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Julie Jackson: The quiet public geologist

Julie Jackson’s résumé is several pages long, and her publications add up to thousands and thousands of pages. Her impact, however, on the geologic community — and on the public — is more than just paper.

Last fall, the Geological Society of America awarded Julie Jackson their 2003 public service award for her work in communicating geoscience to the public. Photo by Naomi Lubick.

In her quiet and persistent way, Jackson, editor of the Glossary of Geology and a former editor of this magazine, has ramped up the communication of geology to the public — through her creativity, production of a variety of publications and her connection to the community. For her work, the Geological Society of America (GSA) gave Jackson the 2003 Public Service Award last November at its annual meeting. Established to honor Eugene and Carolyn Shoemaker, its awardees are people “who have advanced the earth sciences in public interest.”

Jackson started her geological career as a child in Michigan. Her mother’s family was composed of Cornish miners, and her father’s of Danish farmers. “My dad was a lumberjack and he’s really the one who helped me see, to observe nature without disrupting it,” she says. Her family, Jackson says, combined with books, a chemistry set, a microscope and a seventh-grade science teacher who took her class on fieldtrips, helped her develop a passion for geology and natural history.

She followed her passion at Wayne State University, where she was the only female geology major — at a time when her female peers generally went into teaching and nursing. Geology, she says, “is a good foundation for life.” Although not a field she necessarily considered as a career, geology, she says, was something she could “use and enjoy anywhere,” Jackson says.

After graduating, Jackson mixed a secretarial position at Wayne State with summer field work, where she met and married a fellow geologist. Her husband David, a mathematician-turned-geologist, took a job with Chevron. At the time, it was a small geophysical company within Standard of California, which sent the couple to Texas, Canada, Louisiana and California. After several years of traveling, they settled in Washington, D.C., in 1966.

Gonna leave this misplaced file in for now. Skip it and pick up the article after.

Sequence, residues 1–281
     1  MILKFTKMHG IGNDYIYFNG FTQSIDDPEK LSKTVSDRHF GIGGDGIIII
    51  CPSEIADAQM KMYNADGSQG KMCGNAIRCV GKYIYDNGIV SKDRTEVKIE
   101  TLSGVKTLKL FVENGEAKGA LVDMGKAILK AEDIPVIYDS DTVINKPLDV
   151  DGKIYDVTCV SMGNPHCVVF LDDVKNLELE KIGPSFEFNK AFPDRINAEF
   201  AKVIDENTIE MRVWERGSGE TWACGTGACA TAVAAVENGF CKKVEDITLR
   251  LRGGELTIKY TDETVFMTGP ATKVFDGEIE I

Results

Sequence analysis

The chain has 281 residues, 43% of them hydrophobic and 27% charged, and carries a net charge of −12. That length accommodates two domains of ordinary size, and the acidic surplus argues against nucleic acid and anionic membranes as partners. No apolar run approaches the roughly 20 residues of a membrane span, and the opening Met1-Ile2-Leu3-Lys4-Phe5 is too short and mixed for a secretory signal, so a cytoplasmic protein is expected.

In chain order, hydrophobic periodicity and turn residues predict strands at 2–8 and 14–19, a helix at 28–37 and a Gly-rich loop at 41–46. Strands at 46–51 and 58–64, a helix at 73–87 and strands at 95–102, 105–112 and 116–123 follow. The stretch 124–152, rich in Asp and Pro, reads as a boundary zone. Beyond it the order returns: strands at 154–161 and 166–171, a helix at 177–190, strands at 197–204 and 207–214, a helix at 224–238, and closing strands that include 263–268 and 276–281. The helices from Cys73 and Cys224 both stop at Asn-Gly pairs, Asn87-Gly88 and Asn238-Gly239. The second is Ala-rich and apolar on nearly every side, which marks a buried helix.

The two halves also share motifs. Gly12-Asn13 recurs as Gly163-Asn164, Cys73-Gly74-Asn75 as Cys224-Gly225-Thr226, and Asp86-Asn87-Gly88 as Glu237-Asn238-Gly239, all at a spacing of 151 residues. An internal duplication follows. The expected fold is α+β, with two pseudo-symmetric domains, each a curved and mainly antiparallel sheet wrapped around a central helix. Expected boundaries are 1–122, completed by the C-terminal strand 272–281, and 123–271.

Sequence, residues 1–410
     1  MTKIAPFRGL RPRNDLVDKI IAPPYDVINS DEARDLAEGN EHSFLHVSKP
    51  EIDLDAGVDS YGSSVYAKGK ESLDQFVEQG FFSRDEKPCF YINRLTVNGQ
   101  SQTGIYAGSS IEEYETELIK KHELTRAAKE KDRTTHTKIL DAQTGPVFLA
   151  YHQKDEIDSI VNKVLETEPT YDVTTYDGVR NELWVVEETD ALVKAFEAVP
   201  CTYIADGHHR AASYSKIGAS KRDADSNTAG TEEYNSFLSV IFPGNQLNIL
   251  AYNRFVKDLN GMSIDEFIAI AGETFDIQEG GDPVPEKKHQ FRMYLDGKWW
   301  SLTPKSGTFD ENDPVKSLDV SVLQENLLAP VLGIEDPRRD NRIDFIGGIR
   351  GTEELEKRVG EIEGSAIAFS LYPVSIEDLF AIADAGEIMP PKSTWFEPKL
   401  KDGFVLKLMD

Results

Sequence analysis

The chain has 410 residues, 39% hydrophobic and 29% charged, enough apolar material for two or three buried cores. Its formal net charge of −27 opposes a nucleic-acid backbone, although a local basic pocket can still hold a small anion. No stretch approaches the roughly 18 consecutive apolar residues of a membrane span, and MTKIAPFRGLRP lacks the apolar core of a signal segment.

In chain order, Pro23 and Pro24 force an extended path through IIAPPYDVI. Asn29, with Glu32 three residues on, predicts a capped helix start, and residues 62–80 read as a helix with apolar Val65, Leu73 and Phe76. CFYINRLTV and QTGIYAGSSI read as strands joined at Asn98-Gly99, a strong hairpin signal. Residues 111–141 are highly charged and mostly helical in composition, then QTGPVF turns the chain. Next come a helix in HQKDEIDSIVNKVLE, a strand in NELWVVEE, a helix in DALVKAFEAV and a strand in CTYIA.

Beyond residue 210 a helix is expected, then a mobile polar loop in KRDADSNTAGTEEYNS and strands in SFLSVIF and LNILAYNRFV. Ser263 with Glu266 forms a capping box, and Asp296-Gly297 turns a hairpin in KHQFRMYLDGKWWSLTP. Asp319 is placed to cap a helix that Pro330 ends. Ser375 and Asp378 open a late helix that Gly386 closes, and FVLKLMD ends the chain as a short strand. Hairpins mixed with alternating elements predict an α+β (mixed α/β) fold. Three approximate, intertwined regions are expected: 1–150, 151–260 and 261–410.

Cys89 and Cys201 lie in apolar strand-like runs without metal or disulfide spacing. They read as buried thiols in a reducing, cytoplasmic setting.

Jackson took advantage of the Smithsonian’s National Museum of Natural History, where she became a docent for the minerals and geology halls. She organized and trained other docents — mostly women volunteered — and she started subscribing to Geotimes, something an undergraduate professor had suggested to her years before.

In the pages of the magazine, Jackson saw an advertisement for a position with the American Geological Institute (AGI), and she applied. “They were quite impressed because she was the first subscriber they’d met,” says Sharon Tahirkheli, who is now head of AGI’s information services. Tahirkheli came to AGI six months after Jackson and has seen her weather a multitude of changes with the organization. “She is probably the only person who has the distinction of working in all the departments AGI has ever had, except for government affairs,” she says.

After a little more than a year of working at Georef, AGI’s geological citation index, Jackson took on revision of the Glossary, at that time around 35,000 terms, and what current Geotimes editor-in-chief Sam Adams called “the Rosetta Stone” of geology in his citation at the GSA awards ceremony. Jackson networked with an extraordinary number of geologists, organizing the work of many to create the tome.

Carol Ruthven, president of the Association of Earth Science Editors (AESE), says that the glossary was certainly part of the reason the organization nominated Jackson for the GSA award. “But also, she was really critical in initiating the national Earth Science Week and also the Environmental Awareness Series. Both of those initiatives I think have been absolutely incredible,” Ruthven says. The Environmental Awareness series, she says, “exemplifies the very best in communicating earth science to the public.”

Rex Buchanan of the Kansas Geological Survey has known Jackson through AESE and other publications work for a long time. In the past, he has asked for Jackson’s presence on committees because of her ability to persuade and inspire. Jackson has “a way of getting things done that I admire — things like that glossary,” Buchanan says. Many people would be overwhelmed, he says, “but Julie brings a lot of people along with her, and that’s how she gets things done.”

Jackson’s confidence, sincerity and kindness are part of her success, Buchanan says, and she always speaks her mind. “There’s no sense of pretense about Julie,” he says. “She does a lot of good things and doesn’t do it out of any sense of self or aggrandizement.”

Last month, Jackson and her husband were on the move once more, relocating to a small town in Washington state. She says she is already looking forward to working at the town’s natural history museum, which has its own mastodon (found nearby) and a grass-roots effort to educate about natural history. “It’s coming from the community, which is the way things have to be to work,” she says. “I feel like I’m home.”

Naomi Lubick

Jackson will continue helping with the preparation of the fifth edition of the Glossary of Geology and publications in the Environmental Awareness Series. You can contact her at

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